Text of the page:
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How the Human Brain Processes Extreme Rhythms

Musician Adam Neely (previously) quite eloquently explains how the human brain processes extreme rhythms – those that are much too fast and those that are much too slow. He also explains “the indifference interval”, a time sequence that feels just right.

Music psychologists have this wonderful term that they call the indifference interval. It can refer to music which feels neither too fast nor too slow. It’s the most average music possible… It’s at about 100 beats per minute or roughly a beat occurring once every 600 milliseconds.

Once the sequence goes past this interval, discomfort can be felt. Neely used the example of walking to a beat that’s too slow and too fast. It takes a while for our brains to adjust and even more for our bodies.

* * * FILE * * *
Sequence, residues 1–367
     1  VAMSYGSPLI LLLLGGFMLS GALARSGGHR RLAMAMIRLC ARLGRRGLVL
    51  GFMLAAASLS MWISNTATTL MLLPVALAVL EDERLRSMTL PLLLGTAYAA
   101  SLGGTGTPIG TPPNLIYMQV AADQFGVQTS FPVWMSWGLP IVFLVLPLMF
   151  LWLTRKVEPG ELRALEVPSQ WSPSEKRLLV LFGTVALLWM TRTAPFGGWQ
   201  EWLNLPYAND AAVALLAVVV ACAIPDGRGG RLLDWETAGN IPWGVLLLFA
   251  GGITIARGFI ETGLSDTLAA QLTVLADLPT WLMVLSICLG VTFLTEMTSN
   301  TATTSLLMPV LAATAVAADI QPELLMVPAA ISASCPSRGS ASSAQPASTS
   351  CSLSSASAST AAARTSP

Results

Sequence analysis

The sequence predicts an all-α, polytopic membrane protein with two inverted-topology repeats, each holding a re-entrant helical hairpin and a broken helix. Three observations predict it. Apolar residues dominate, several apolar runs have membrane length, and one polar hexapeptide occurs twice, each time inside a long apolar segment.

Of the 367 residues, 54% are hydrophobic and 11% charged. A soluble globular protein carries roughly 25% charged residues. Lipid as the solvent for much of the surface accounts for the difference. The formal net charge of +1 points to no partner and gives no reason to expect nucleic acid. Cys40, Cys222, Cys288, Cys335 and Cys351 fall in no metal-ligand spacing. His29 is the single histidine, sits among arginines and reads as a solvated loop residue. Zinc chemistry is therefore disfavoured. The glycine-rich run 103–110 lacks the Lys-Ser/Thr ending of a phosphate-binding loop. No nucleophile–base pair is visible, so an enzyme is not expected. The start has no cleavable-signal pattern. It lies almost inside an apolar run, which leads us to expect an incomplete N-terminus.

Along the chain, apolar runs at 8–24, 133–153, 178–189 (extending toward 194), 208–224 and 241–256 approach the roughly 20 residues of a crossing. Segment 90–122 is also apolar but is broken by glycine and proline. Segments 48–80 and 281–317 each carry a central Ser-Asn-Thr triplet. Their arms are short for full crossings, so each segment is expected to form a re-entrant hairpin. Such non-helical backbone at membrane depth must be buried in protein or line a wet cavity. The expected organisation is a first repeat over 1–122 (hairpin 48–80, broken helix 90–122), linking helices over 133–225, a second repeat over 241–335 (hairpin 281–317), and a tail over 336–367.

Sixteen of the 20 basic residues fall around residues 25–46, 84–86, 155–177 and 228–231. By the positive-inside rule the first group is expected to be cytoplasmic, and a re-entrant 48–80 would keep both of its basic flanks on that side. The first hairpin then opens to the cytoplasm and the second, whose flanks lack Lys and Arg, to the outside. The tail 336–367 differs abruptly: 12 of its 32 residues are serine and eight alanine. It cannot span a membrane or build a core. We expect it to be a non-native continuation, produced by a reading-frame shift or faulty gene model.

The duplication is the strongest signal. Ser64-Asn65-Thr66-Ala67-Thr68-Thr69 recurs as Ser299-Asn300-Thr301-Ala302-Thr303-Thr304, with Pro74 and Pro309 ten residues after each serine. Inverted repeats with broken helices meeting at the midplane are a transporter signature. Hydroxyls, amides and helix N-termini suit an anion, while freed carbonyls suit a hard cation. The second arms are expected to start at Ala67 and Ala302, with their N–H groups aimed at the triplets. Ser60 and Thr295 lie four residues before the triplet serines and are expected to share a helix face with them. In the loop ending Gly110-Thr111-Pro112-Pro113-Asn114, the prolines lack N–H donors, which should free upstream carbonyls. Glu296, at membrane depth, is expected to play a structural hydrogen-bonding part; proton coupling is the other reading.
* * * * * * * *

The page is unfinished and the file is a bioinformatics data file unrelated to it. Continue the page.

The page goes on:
Take out a metronome and try walking at different tempos. First at the “indifference interval” of about 100 bpm see how that feels. Then speed it up to a faster musical tempo like maybe 180 bpm. It’s gonna feel a lot more chaotic and frantic like music at 180 beats per minute …if you slowed it down to say 60 beats per minute the speed of a slow and lingering jazz ballad you’re gonna really feel that slow tempo in your lingering gait. So your feeling of fastness and slowness as you listen to music corresponds to the fastness and slowness of your walking gait.

Neely’s bandmate, musician Shawn Crowder, also explains extreme rhythms, calling them “hypertuplets”.

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The post How the Human Brain Processes Extreme Rhythms first appeared on Laughing Squid.

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